The Pitch: 35-year-old Ezra Cohen (Jonah Hill) is having a tough time finding love and manifesting a partner who sees him for who he truly is. Or, as he puts it, he’s feeling like Views-era Drake, when he should really be feeling like Certified Lover Boy-era Drake. In between working a boring finance job, he hosts a podcast with his best friend Mo (Sam Jay) that covers a variety of topics, but often revolves around Black culture.
When he meets costume designer and fellow Los Angeles dweller Amira (Lauren London), sparks fly immediately: They quickly begin a relationship, fall in love, support each other’s dreams, and eventually move in together. Despite the differences in their cultural backgrounds — Amira is a Black Muslim who grew up in the now-gentrified Baldwin Park, and Ezra is a Jewish guy from Brentwood — they’re bound together and agree to get married.
However, those cultural backdrops are a little trickier to navigate than they expected — specifically each other’s parents. Amira’s mother Fatima (Nia Long) and father Akbar (Eddie Murphy) are immediately convinced that Ezra’s background and personality are a poor match for their daughter, while Ezra’s parents, Shelley and Arnold (Julia Louis-Dreyfus and David Duchovny), are frequently mired in “I’m not racist!” theatrics that end up being totally offensive to Amira.
Both Ezra and Amira are determined to get along with the other’s families, and spend individual time with them to better bond before the wedding. The resulting clashes between both Akbar and Ezra and Shelley and Amira are comical and intense, as the lovers’ union is threatened by their parents’ inability to treat their future children-in-law with enough dignity and respect.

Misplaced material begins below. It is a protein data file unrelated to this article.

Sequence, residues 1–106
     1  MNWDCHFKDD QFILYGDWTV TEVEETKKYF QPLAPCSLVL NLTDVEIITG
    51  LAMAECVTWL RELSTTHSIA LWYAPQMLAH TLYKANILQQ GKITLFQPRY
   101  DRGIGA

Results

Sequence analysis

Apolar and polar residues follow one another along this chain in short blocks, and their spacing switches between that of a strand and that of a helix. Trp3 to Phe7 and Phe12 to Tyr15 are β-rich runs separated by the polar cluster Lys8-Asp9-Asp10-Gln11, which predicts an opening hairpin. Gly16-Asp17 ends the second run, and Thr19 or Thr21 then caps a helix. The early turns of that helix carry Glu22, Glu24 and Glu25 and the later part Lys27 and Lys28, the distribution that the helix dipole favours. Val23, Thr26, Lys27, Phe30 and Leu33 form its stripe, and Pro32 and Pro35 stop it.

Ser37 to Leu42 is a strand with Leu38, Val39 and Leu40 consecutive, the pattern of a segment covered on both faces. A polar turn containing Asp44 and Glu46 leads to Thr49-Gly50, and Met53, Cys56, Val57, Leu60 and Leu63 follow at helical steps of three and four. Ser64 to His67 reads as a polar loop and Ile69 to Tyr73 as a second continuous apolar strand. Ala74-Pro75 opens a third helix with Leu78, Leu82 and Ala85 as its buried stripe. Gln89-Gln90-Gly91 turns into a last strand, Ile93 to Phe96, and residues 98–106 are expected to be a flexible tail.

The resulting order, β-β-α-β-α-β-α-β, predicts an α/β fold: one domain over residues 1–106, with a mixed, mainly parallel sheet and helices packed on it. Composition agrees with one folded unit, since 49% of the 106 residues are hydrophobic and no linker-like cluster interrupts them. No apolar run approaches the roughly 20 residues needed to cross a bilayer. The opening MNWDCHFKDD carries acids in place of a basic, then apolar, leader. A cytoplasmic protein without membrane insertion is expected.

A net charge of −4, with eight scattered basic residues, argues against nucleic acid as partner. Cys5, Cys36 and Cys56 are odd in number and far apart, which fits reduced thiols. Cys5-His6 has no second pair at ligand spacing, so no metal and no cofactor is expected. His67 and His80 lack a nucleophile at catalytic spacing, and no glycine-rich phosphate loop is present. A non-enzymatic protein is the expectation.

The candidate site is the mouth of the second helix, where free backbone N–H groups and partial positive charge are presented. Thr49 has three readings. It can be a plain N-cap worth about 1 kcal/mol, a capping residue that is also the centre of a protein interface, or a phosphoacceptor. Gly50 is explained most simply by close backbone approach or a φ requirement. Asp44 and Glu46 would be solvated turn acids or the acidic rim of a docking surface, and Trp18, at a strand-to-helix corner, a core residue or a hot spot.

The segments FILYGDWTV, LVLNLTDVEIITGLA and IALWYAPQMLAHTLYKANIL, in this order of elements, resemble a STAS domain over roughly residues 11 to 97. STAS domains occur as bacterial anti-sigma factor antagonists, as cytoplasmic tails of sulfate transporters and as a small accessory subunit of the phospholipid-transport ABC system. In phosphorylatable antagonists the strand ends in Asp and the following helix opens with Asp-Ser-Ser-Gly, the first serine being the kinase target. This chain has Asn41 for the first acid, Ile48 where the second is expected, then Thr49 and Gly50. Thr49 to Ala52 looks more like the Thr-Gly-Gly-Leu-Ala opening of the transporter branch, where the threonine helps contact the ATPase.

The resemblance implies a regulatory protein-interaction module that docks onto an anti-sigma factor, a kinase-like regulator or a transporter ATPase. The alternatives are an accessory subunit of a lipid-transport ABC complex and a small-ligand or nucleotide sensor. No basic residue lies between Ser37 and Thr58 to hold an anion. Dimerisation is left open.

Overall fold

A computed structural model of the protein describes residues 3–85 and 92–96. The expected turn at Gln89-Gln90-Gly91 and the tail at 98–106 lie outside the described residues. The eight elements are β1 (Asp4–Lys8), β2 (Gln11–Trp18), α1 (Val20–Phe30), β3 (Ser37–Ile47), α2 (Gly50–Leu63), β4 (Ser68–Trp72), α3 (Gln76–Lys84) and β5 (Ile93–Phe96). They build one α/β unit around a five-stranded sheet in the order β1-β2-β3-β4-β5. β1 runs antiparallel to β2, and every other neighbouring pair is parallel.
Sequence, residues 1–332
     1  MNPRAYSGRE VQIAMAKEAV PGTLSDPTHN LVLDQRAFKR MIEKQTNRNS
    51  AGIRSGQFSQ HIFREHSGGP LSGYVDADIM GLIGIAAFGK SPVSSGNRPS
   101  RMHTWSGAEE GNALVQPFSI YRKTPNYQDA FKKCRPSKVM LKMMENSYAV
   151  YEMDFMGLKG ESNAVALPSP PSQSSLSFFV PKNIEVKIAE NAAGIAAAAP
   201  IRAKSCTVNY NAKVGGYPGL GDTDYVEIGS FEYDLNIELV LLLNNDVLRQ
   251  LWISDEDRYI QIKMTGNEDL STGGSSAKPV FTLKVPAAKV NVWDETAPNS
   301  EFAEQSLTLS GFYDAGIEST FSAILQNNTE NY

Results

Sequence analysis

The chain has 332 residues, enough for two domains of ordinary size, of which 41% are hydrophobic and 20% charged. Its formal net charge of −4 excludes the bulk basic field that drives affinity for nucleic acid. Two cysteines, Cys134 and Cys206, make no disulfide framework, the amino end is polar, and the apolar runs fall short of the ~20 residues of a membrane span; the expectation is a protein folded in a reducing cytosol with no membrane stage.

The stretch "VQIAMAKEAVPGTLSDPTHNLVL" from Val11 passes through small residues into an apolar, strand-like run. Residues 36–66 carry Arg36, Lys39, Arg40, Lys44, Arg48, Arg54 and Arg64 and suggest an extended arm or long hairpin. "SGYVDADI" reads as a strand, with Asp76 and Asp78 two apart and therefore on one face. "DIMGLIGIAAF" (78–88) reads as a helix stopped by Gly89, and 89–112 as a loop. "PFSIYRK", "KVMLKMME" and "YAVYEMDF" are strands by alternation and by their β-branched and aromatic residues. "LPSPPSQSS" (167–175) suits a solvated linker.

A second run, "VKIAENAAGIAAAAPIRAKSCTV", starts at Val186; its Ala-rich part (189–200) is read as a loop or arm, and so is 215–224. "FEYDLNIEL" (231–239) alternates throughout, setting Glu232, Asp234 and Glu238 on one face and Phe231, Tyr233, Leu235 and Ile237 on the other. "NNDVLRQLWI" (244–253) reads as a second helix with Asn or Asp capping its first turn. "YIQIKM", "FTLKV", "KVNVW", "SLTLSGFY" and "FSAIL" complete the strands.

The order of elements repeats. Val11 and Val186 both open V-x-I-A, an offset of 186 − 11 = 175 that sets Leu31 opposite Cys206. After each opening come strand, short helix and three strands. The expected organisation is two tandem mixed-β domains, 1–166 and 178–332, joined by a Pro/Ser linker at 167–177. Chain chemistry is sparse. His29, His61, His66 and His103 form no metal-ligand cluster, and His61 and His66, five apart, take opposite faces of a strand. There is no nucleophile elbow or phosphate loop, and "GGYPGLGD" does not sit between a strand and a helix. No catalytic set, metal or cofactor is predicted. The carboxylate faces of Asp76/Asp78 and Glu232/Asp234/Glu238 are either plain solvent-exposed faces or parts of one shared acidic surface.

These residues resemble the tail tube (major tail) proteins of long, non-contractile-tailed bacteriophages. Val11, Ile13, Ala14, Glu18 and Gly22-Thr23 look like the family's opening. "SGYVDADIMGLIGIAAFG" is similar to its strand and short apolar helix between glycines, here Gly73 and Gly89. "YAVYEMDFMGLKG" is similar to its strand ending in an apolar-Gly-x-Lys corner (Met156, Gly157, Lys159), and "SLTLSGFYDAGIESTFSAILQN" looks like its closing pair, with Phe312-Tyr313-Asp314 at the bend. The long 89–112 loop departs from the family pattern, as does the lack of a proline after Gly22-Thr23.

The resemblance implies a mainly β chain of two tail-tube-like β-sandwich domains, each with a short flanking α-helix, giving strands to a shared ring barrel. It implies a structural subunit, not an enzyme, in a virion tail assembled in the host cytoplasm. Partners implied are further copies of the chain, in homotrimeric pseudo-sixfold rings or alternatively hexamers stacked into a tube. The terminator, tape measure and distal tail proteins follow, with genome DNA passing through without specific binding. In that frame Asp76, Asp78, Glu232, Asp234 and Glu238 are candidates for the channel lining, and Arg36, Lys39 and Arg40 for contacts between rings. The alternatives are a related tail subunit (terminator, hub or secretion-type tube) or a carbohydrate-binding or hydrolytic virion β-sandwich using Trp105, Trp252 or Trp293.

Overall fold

Helmed by black-ish creator Kenya Barris, with a screenplay from Barris and Jonah Hill, You People seeks to be a refreshing update of a common story, characterized mainly in the films Guess Who’s Coming to Dinner from 1967 and its 2005 remake, Guess Who. However, Barris and Hill do a terrific job of acknowledging the differences in race relations in 2023, and how their cultural distinctions are much more nuanced than “she’s black, he’s white.”
Comedy Gold: Even beyond some of the cringe-worthy chats that characterize the conflict in You People, the comedy comes from everywhere. Jonah Hill’s Ezra is chock full of hilarious one-liners and reaction shots, while London’s Amira is similarly magnetic. There’s a lightness to their story, often reaffirmed by the colorful B-roll of Los Angeles’ romantic, comforting scenery that breaks up their scenes. The chemistry between the two leads may not be indestructible, but luckily, their comedic chops and charismatic air give us a lot to root for.